The story of the Sambhavna Clinic, a non-profit holistic health clinic in Bhopal, India, built to treat those injured by the Union Carbide toxic gas release in 1984. enlarge video
HCWH's co-founder Gary Cohen is a recipient of the prestigious Skoll Award. This video, chronicling the evolution of HCWH's work, premiered at the 2009 Skoll World Forum. enlarge video
Cleaners and Disinfectants
Everyone expects a hospital to be clean. However, many traditional cleaning products, floor strippers and disinfectants present a variety of human health and environmental concerns. They often contribute to poor indoor air quality and may contain chemicals that cause cancer, reproductive disorders, respiratory ailments (including occupational asthma), eye and skin irritation, central nervous system impairment and other human health effects.
In addition, some of these products contain persistent bioaccumulative toxins (PBTs), are classified as hazardous waste, and/or otherwise contribute to environmental pollution during their manufacture, use, or disposal.
Triclosan, an anti-bacterial biocide increasingly prevalent in liquid detergents and soaps (janitorial products), could enhance the ability of bacteria to resist antibiotics, and poses a long-term threat to wildlife and to human health. Traces of triclosan have been found in human breast milk.
Less-toxic, environmentally friendly maintenance products exist for almost all health care facility needs.
Hospitals also use a variety of methods to disinfect and sterilize surfaces and equipment. Some of the most commonly used products, however, such as glutaraldehyde and ethylene oxide, have been shown to cause serious health effects. Alternatives to these products offer effective disinfection while protecting health care workers and the environment.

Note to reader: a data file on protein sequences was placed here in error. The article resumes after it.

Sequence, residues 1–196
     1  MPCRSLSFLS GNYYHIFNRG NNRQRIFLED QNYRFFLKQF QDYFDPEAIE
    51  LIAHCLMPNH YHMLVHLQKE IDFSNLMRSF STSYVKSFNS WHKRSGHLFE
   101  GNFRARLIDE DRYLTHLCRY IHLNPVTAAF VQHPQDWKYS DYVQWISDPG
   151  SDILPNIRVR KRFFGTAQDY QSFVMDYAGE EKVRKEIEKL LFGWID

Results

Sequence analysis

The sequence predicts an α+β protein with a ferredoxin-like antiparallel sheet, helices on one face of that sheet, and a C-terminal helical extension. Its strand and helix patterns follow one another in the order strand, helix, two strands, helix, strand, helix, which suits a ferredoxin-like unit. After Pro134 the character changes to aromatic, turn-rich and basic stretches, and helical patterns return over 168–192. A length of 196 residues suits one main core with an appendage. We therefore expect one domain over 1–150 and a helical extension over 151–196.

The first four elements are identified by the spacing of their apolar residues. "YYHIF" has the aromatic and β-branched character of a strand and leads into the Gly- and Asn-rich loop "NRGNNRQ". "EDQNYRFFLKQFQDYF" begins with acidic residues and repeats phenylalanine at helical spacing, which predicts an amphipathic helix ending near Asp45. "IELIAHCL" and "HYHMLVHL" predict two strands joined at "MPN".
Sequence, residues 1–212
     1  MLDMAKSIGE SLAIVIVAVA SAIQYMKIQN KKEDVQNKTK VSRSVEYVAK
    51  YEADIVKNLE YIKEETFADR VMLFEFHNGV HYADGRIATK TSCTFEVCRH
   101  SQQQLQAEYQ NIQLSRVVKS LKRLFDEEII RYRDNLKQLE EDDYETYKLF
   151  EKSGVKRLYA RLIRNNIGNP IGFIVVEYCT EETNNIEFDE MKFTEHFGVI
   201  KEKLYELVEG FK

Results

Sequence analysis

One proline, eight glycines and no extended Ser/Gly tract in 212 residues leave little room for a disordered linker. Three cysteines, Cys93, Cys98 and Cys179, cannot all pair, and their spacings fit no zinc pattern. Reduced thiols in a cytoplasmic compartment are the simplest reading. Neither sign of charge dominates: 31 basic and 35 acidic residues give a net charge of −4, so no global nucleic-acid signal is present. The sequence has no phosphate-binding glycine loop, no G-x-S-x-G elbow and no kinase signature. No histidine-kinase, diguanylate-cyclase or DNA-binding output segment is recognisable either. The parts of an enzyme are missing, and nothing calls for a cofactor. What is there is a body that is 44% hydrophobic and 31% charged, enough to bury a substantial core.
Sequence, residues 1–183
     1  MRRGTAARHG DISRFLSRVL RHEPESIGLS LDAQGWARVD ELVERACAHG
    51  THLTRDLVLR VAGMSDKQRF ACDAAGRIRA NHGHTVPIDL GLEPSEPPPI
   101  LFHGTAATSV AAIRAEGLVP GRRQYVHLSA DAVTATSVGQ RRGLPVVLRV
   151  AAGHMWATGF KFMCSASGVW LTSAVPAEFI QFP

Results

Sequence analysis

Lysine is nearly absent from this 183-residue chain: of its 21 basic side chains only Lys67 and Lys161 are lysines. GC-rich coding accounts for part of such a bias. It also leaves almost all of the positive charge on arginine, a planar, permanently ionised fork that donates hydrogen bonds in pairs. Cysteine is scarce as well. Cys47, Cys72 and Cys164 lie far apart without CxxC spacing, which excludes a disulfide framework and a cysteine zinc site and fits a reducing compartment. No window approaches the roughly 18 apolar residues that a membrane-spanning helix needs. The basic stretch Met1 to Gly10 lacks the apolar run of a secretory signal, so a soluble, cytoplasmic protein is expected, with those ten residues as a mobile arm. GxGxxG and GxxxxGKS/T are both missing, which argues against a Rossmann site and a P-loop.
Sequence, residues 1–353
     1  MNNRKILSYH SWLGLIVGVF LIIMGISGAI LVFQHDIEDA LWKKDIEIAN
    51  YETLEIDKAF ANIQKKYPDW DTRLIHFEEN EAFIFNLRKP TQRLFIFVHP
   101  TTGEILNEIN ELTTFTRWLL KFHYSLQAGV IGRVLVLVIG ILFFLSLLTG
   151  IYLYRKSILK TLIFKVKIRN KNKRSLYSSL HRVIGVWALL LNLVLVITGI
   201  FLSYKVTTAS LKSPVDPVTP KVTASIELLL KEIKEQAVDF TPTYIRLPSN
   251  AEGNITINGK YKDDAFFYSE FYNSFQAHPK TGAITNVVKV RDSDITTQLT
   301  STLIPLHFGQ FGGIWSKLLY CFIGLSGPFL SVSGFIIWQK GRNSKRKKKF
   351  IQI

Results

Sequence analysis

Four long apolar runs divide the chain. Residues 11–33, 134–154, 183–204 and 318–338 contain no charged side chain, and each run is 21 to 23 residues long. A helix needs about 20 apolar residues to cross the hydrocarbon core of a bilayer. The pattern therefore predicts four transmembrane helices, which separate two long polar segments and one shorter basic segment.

What You Can Do
Using unscented "green" cleaners can reduce maintenance costs, help protect the environment, safeguard the health of building occupants, increase employee productivity and improve indoor air quality.
A good place to start to identify environmentally preferable cleaning products is Green Seal Environmental Standard for Cleaners used for Industrial and Institutional Purposes (pdf).
Health Care Without Harm also urges hospitals to eliminate Gludaraldehyde, and switch to safer substitutes for disinfection. See our fact sheet, 10 Reasons to Eliminate Gluraraldehyde (pdf).
- Cleaning Chemical Use in Hospitals Fact Sheet (pdf)
- Cleaning for Health: Products and Practices for a Safer Indoor Environment
Report and toolkit available on INFORM website
- Common Substances in Hospitals May Cause Asthma: HCWH report (pdf) Read the press release
Database with information about choosing safer personal care products; advanced search option allows search for products without fragrance
- EWG Survey links chemical exposures on the job to diseases in nurses
Environmental Working Group website
- Glutaraldehyde Control in Hospitals
Sustainable Hospitals website
- Green Seal Environmental Standard for Cleaners used for Industrial and Institutional Purposes (pdf)
- Safe Cleaning Products Initiative
information about safer cleaning products from Women's Voices for the Earth
- Sustainable Hospital Project
database of alternatives
- Ten Reasons to Eliminate Gluraraldehyde (pdf)
- Ten Ways to Find Safer, Greener Cleaners (pdf)